Can someone show me the steps of calculating the limit of the following function?

When x approaches 1 from the left (1 minus), the limit of exp {(4-5x)/(1-x)}.

Thank you very much :)

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- Oct 4th 2010, 11:12 AMReal9999Calculating the Limit of a Function!
Can someone show me the steps of calculating the limit of the following function?

When x approaches 1 from the left (1 minus), the limit of exp {(4-5x)/(1-x)}.

Thank you very much :) - Oct 4th 2010, 11:50 AMmr fantastic
- Oct 4th 2010, 12:19 PMReal9999
Oh sorry about the title and thanks for your help.

But can you actually show me how to come to the 0? I know the answer is 0 but I am struggling in getting 0:( - Oct 4th 2010, 12:24 PMReal9999
Oh my gosh! The Mathematica is awesome!!!

- Oct 4th 2010, 12:26 PMReal9999
thank you for letting me know the mathematica!! wow! I am getting very excited now XD

- Oct 4th 2010, 12:41 PMArchie Meade
- Oct 4th 2010, 12:45 PMReal9999
Ok! I have just purchased a copy! and downloading now! thank you so much!!!

- Oct 4th 2010, 12:51 PMReal9999
Oh, yes... what I was concerning was that since it is 1 - x in the denominator, I cannot directly apply the limit to the fraction.

But thanks Archie! I know how to work it out now! What I need is to take the inverse, (1/x) / (4 - 5x) and evaluate the limit when x approaches 1 from the left and then take the inverse again. That is, the inverse of the limit of the inverse of a fraction is equivalent to the limit of the original function!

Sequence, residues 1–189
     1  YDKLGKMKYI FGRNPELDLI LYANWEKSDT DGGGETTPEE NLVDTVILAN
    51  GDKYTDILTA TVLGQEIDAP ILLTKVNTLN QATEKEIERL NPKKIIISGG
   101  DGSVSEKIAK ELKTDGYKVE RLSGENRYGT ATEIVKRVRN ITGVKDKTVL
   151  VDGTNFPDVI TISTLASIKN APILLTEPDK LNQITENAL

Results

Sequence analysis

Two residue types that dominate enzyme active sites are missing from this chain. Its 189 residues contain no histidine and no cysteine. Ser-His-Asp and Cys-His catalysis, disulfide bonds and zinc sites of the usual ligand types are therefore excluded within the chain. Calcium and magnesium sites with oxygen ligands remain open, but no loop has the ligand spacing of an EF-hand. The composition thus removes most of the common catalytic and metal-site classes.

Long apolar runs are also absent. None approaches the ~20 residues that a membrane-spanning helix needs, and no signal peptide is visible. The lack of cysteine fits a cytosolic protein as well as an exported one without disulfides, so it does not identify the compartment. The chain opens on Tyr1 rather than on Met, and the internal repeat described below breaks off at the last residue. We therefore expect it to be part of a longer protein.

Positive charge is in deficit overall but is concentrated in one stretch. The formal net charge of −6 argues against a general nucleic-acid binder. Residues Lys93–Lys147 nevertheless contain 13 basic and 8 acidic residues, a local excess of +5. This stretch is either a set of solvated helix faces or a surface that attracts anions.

I am so happy today! Thanks for letting me know the existence of mathematica! - Oct 4th 2010, 12:59 PMReal9999
- Oct 4th 2010, 01:07 PMReal9999
Another thing concerning me is that is e^(4-5x)/(1-x) actually has a limit at or approaches 0? I know that exponential function is always positive and not defined at 0 :(

- Oct 4th 2010, 01:29 PMReal9999
- Oct 4th 2010, 02:01 PMArchie Meade
$\displaystyle \displaystyle\frac{4-5x}{1-x}$

The fraction is not defined for $\displaystyle x=1$ as this will cause the denominator to be zero.

$\displaystyle x=1$ does not cause a problem for the numerator, however.

As x approaches 1 from below, the fraction is negative, the denominator approaches zero and hence the fraction approaches $\displaystyle -\infty$

As x approaches 1 from above, the fraction is positive, the denominator approaches zero and hence the fraction approaches $\displaystyle +\infty$

$\displaystyle \displaystyle\lim_{y\rightarrow\infty}e^y$ doesnt exist since $\displaystyle e^y\rightarrow\infty$ as $\displaystyle y\rightarrow\infty$

$\displaystyle \displaystyle\lim_{y\rightarrow\ -\infty}e^y=0$ - Oct 5th 2010, 01:53 AMReal9999